But as it turns out, an element of the proposed deal that is among the most important to people may be the one that Netanyahu is least capable of actually delivering.
Yet, with all of this, there is another factor of no small significance: Netanyahu also calls for “defensible borders” (a fact that got lost in many English translations). This means our security would not depend solely upon demilitarization of the Palestinian state. It renders less problematic the issue of whether demilitarization could be achieved. Our security, in the scenario proposed by Netanyahu, would require that we retain large swaths of Judea and Samaria.
A nod to Aaron Lerner on this: http://www.imra.org.il/story.php3?id=44304.
Two things seem fairly apparent here. One is that Netanyahu is playing to the Obama administration, and perhaps to the Europeans, as well. This is his style, rather than being confrontational. I’ve written about it several times before, and now, in particular, the international pressure is intense.
And then, that he is counting on the PA to refuse to sign off on a deal. Olmert offered considerably more than he is prepared to offer, and Abbas turned it down. Is Abbas going to accept a deal that rejects our responsibility for refugees, and insists they recognize us as a Jewish state, and provides them with considerably less than everything beyond the Green Line? Perhaps when elephants fly. Especially is this the case as Abbas has become even more intransigent because of Obama’s stance. Thus Netanyahu is able to be the “good guy” in the eyes of the international community, while assuming there will be no price to pay.
One can only assume that hardliners in the government such as Begin and Yaalon are silent because they see this as the very likely scenario.
Many of us to the right would prefer a more forthright statement: This is our land. The Arabs have no right to a state here, and in any event a “two state solution” is not going to work.
But we’re not going to see this.
Binyamin Netanyahu is skating on thin ice. He’s counting on Arab refusal to compromise, and he’s setting what may be dangerous precedents.
But there is also another perspective to consider here: He may be setting genuine and realistic red lines for Israel. The world insists on a Palestinian state? OK. But here are our terms. This means going on the offensive diplomatically, rather than simply responding to what is demanded from the outside.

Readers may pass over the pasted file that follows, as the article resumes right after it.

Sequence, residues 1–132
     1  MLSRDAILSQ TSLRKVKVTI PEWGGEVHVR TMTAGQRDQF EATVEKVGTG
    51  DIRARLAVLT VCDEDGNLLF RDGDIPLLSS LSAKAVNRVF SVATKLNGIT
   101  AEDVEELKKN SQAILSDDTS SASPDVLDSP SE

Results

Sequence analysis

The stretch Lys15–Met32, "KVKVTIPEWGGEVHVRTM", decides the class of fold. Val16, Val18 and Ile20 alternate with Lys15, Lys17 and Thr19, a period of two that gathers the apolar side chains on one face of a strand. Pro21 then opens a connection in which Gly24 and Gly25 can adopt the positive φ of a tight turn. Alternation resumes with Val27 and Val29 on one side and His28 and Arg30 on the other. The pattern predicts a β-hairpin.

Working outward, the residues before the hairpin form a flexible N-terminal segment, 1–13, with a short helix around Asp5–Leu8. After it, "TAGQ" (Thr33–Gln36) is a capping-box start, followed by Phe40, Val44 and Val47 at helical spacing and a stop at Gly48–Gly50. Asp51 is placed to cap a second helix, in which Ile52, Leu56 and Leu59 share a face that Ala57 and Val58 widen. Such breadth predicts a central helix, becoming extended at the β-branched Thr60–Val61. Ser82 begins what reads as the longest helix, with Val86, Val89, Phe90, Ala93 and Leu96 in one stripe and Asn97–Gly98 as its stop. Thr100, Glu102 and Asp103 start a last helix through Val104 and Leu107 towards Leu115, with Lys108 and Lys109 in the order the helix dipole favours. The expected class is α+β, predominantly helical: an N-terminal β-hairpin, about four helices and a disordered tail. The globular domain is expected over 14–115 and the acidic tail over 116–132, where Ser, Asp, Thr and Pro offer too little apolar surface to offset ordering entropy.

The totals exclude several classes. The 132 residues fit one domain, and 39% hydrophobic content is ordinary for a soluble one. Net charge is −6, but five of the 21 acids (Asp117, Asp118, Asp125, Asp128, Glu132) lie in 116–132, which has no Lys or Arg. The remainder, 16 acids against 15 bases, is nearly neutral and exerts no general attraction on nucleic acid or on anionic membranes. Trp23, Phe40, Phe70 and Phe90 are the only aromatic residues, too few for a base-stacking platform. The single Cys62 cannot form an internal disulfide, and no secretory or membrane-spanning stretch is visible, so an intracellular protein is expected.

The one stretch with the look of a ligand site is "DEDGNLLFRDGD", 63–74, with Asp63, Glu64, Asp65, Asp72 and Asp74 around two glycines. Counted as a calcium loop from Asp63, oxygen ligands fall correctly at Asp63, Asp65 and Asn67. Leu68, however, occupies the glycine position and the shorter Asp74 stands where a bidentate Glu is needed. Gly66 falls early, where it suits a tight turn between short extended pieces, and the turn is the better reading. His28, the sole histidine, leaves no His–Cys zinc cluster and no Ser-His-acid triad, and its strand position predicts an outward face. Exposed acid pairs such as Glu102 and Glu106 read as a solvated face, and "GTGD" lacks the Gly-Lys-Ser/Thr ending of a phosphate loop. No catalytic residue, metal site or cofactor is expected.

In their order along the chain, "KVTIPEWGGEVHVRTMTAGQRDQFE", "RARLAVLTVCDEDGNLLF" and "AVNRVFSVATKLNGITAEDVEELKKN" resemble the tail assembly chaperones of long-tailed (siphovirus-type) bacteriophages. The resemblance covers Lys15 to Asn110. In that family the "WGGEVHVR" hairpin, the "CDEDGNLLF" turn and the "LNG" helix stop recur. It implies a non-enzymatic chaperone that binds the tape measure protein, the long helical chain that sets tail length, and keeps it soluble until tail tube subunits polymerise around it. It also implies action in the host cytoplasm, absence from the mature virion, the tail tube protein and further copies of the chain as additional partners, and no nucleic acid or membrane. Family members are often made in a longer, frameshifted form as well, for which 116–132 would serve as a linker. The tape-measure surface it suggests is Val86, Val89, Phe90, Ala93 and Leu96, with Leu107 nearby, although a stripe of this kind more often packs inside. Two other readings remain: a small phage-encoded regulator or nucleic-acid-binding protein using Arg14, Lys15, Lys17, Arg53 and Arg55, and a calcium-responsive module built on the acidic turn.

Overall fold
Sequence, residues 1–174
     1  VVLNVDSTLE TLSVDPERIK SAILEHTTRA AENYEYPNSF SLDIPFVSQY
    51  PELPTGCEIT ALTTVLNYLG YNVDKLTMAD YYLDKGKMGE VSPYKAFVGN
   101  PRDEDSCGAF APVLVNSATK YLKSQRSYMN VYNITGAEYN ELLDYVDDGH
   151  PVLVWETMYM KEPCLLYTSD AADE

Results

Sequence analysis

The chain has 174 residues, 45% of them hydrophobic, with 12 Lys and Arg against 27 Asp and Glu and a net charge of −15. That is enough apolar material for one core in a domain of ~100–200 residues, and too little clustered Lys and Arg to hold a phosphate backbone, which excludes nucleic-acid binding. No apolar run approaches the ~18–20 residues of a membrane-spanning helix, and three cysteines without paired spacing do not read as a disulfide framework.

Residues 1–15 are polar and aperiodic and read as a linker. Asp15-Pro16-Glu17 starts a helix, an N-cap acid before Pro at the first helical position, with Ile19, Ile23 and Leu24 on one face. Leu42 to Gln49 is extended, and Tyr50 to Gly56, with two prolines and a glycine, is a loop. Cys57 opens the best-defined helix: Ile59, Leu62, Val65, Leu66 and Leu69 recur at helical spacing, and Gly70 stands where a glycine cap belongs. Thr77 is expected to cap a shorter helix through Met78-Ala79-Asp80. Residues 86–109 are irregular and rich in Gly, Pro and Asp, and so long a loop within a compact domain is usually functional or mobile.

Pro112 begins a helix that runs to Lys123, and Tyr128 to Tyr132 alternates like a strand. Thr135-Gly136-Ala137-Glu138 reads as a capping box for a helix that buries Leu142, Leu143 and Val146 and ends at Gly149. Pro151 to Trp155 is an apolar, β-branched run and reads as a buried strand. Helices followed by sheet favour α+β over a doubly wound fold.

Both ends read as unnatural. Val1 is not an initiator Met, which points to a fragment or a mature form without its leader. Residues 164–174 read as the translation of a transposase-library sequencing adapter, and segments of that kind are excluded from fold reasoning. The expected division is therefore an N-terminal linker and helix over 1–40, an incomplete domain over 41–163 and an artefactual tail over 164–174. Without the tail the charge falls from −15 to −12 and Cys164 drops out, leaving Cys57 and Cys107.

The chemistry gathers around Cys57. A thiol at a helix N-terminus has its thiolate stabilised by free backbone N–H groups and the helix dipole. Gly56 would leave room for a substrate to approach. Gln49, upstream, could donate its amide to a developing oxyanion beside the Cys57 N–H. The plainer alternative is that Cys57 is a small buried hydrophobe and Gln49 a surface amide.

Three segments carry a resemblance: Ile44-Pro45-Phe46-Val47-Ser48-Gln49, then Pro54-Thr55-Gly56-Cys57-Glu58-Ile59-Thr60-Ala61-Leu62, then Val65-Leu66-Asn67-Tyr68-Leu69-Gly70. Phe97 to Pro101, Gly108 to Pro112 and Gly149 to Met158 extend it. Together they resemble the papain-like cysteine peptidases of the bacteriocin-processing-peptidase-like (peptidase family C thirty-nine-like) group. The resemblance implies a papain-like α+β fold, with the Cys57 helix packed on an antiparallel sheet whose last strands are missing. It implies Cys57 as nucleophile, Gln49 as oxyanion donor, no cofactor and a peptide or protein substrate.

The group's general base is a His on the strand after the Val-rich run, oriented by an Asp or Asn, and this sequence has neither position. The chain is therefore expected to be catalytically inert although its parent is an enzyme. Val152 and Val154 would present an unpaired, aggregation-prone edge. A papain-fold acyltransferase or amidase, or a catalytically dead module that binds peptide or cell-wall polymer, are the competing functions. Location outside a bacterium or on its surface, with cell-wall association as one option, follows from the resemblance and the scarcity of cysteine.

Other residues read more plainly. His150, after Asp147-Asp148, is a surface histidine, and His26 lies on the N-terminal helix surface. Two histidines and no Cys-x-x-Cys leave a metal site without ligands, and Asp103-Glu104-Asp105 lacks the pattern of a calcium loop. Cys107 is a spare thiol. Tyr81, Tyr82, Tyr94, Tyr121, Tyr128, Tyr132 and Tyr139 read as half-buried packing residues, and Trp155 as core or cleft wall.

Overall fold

If there is no back-tracking on these red lines. If they genuinely are red lines, we would be OK. I am not complacent.
There are still discussions forthcoming with regard to the issue of settlements (Netanyahu will be meeting with Mitchell soon), and there remains unease about the degree to which he might cave on this. A freeze, even one that is ostensibly “temporary,” would be a disaster and would represent a sell-out with regard to protecting our legitimate Jewish rights and interests in Judea and Samaria.
There is a great deal more to explore, and I hope to be able to return a host of issues tomorrow. But I cannot close without mentioning a position being taken by the US government:
At a G8 summit to be held next week, the leaders of the industrialized nations will be discussing new financial sanctions against Iran. The predisposition of most leaders is to push such sanctions.
But the US, according to Haaretz, is working behind the scenes to prevent such sanctions from being enacted.
“The Obama administration, according to the diplomatic sources, has discarded the notion of direct talks with Iran. However, the United States is still interested in re-engaging Iran through the renewed discussion of its nuclear program through the five permanent United Nations Security Council members and Germany.
“American officials expressed concern that a decision to enact harsh steps against Iran during the G8 meeting could badly hurt the prospect of Tehran agreeing to renew negotiations with the permanent Security Council members.
“…New sanctions could include forbidding western oil companies from maintaining commercial ties with Iran.”
I confess, I read this article more than once, because it was hard for me to assimilate what is being said here. Tough economic sanctions, properly applied, could still bring Iran to its knees. And yet Obama would rather tread lightly here (play the good guy to Iran?) and put his hope in renewed negotiations with the permanent Security Council members?
I asked myself if Obama genuinely imagines that there is any prospect for getting Iran to stop nuclear development via negotiations with the Security Council. And then, I wondered if perhaps he is certifiable.
What does it take for the American populace to become genuinely terrified by the path down which their esteemed leader is taking them?